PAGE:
Bleary eyed, he drank the coffee and tried to wake up.  “Mrs Metcalfe, I’d appreciate it if you didn’t mention this to Paul.  I mean… Miss Symonds… there was nothing… I...”

“She’s a silly girl, Adam – well, woman really, at her age – but she always means well and we are all fond of her.  You obviously took her fancy more than you realised.”

“I swear, Mrs Metcalfe, nothing happened.”

“I believe you, Adam.  Poor Josie, I wonder if she’ll want breakfast?  You go and shower and I’ll sort out some clothes and drop Josie the hint that the coast is clear, shall I?”

He nodded gratefully and stretched his aching body.  She followed him upstairs and ushered him into one of the bathrooms.  Then she went and woke Josie and suggested a quick get away might save everyone’s face – especially if Paul wasn’t to find out!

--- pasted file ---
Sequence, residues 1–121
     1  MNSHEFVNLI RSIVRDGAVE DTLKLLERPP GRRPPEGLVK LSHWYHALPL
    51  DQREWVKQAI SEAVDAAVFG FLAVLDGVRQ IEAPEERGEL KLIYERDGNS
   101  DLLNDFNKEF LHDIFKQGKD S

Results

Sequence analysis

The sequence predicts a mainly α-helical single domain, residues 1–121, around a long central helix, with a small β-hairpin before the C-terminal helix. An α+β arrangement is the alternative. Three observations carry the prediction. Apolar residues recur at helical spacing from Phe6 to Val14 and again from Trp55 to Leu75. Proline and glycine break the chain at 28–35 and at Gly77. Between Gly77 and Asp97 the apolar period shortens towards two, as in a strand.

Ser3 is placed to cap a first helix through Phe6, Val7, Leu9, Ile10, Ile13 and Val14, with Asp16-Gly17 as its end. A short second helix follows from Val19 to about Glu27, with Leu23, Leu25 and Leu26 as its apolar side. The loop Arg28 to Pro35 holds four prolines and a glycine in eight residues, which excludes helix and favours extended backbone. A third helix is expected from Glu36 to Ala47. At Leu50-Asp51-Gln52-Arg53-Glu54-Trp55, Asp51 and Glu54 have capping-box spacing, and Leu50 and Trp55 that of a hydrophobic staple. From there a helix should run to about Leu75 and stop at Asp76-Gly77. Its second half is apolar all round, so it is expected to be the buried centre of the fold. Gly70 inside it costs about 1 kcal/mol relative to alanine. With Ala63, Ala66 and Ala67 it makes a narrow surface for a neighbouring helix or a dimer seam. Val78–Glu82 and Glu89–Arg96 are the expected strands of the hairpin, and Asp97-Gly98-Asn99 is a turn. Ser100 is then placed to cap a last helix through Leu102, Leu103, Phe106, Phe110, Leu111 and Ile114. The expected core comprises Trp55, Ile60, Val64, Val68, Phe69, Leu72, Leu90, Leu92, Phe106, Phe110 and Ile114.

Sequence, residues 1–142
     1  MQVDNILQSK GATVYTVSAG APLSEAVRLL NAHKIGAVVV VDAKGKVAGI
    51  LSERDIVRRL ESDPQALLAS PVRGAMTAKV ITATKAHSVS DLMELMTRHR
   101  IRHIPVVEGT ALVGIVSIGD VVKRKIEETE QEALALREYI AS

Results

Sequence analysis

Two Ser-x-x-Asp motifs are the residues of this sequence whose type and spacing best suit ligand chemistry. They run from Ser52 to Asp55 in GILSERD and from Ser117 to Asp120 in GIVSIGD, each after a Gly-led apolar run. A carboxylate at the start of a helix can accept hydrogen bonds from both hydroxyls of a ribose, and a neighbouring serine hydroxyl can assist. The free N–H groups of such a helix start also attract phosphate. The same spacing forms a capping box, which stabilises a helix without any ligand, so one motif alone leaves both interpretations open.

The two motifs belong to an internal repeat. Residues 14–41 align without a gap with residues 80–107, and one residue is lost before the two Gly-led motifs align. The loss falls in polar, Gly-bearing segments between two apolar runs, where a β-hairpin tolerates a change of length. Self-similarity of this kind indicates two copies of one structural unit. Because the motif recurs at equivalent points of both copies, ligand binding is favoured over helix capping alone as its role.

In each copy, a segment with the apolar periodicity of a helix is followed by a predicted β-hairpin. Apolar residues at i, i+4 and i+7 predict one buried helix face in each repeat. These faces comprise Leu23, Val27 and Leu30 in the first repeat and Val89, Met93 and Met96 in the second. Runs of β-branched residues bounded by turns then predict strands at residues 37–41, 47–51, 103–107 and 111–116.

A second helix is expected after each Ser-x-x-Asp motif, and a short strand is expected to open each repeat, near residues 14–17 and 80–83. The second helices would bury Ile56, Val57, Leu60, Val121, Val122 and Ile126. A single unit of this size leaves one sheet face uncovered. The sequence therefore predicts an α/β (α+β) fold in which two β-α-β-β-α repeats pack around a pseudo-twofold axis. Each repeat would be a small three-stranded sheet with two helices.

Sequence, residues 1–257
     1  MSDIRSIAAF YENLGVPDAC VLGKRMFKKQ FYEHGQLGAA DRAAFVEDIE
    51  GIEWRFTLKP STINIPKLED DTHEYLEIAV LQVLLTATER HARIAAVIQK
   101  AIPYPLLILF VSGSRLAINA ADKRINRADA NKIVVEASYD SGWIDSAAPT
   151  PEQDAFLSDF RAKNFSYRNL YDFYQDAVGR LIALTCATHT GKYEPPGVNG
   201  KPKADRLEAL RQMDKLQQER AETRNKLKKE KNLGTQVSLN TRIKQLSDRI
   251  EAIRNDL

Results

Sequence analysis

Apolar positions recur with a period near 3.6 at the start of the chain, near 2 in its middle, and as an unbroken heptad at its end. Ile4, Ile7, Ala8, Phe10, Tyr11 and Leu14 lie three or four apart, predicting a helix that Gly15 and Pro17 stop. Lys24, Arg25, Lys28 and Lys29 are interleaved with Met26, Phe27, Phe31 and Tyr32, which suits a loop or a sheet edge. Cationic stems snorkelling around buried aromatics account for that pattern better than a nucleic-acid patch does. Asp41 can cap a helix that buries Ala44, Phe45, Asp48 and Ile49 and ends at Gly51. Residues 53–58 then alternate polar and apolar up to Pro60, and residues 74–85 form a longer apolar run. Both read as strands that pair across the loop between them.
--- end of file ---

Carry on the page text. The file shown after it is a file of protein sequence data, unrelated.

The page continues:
Josie cried a little and pleaded that she had drunk too much last night and that Mr Svenson had been a complete gentleman and she owed him an apology.

“Which I will pass on to him on your behalf. Now, he’s in the shower, so off you go and drive home before anyone realises.”

Leaving Josie to gather the shreds of her dignity together Mary Metcalfe went next door to Paul’s room. He wasn’t there and his bed had been made.  No, correction - it had not been slept in. She frowned and collected a pair of jeans and a rugby shirt for Adam’s use.  There were some new underpants - still in their packet from last Christmas -   so she took him those as well.

She knocked firmly on the bathroom door – which was locked - Adam was taking no chances – and called, “The clothes are outside the door.  Adam, have you seen Paul?”

“No!” came the muffled reply. “He’s not in here!”

Shaking her head, Mrs Metcalfe went and escorted Josie out to the garage. “Happy Christmas, dear, and don’t worry – Adam won’t say a word and neither will I.”